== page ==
Every four years the lines between the world of finance and politics are blurred when US citizens elect a new president, and investors try to come to grips with how it will impact their portfolio. A study of past elections by The Stock Trader’s Almanac, reveals that bear markets and recessions generally begin within the first two years of a president’s term, whereas bull markets and growth normally take place in the last two years.
Despite the fact the US president can’t directly control the stock market, serious amateur and professional institutional investors openly acknowledge the impact of politics on the market. So it will come as no surprise that numerous investors were avidly watching last nights’ presidential debate between the Republican candidate Donald Trump, and the Democratic candidate Hillary Clinton, to see who gained the early advantage in this neck and neck race to become America’s next leader.
Prior to the event we were informed that the market reaction to the debate would depend on the proposals put forward by each candidate and how well their policies stand up to questioning by their opponent. Brad McMillan, chief investment officer at Commonwealth Financial Network, stated in emailed comments: “One thing markets will be watching for is whether either of the candidates come across as, for lack of a better word, scary.”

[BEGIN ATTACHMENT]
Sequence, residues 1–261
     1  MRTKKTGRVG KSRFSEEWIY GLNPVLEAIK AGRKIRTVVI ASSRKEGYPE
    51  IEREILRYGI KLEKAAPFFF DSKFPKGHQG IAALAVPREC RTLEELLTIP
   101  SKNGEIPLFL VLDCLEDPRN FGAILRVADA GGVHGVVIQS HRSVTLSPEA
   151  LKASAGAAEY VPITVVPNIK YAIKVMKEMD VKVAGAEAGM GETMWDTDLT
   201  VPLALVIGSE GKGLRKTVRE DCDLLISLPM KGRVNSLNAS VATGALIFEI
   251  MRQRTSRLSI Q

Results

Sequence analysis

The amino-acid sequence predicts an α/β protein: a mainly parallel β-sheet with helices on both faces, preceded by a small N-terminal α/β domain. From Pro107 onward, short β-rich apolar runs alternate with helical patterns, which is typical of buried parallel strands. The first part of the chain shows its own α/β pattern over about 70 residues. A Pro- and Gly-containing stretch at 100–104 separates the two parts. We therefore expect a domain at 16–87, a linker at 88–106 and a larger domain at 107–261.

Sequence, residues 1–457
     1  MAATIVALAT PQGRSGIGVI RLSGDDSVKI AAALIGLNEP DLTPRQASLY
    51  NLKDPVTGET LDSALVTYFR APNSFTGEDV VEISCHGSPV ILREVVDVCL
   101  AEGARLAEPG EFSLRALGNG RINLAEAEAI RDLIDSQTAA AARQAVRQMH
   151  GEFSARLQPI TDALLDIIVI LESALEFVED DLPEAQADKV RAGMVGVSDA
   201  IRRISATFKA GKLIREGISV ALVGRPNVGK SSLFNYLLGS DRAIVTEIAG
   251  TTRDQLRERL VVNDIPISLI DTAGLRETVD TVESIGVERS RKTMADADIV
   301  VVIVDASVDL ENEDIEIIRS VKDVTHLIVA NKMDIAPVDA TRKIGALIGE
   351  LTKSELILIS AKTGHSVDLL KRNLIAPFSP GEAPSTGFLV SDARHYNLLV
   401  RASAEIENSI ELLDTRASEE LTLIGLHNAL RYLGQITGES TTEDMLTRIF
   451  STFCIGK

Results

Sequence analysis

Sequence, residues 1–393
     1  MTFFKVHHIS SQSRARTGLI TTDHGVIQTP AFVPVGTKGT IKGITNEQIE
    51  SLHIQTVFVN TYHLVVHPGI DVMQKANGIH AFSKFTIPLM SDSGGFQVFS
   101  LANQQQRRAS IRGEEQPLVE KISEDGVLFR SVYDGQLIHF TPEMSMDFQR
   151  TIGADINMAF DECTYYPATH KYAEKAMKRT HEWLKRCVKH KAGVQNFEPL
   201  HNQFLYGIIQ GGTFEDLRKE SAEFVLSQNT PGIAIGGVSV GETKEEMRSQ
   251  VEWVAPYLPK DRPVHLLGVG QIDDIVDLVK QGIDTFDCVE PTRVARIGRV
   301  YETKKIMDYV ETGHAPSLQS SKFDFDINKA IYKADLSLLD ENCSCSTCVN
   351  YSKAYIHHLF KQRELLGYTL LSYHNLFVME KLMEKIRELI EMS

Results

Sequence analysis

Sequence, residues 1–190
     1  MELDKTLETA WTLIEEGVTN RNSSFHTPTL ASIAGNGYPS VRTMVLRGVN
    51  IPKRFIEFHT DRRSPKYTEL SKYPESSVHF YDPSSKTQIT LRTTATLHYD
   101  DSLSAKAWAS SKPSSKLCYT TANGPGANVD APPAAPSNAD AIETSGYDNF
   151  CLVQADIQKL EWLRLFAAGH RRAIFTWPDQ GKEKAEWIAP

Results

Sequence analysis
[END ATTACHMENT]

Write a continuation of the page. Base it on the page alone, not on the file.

Although the full extent of a Trump or Clinton presidency will take many years to gauge, we can use historical information to predict the impact it will have on the US stock market. Historically, the stock market has performed better under the guidance of Democratic presidents rather than their Republican counterparts, therefore a win for Hillary would signal good news for the Dow and the S&P 500.
In an article by Mary Ann Bartels, Head of Merrill Lynch Wealth Management Portfolio Strategy she informed us that the Standard & Poor’s 500 which is a commonly watched benchmark of American large-cap companies has fallen by 2.8% on average during election years where the current president cannot run for reelection. Conversely, in years where the current president has been up for reelection, the S&P 500 has yielded impressive average returns of 12.6%.
Whoever wins the electoral race will shape the future of healthcare, tax and immigration for the next four, and possibly eight years, and investors will frantically be trying to work out how the outcome of the US Elections will affect the stock market as well as the entire global economy.
Next week we will look at how a US presidential election result can affect commodity prices.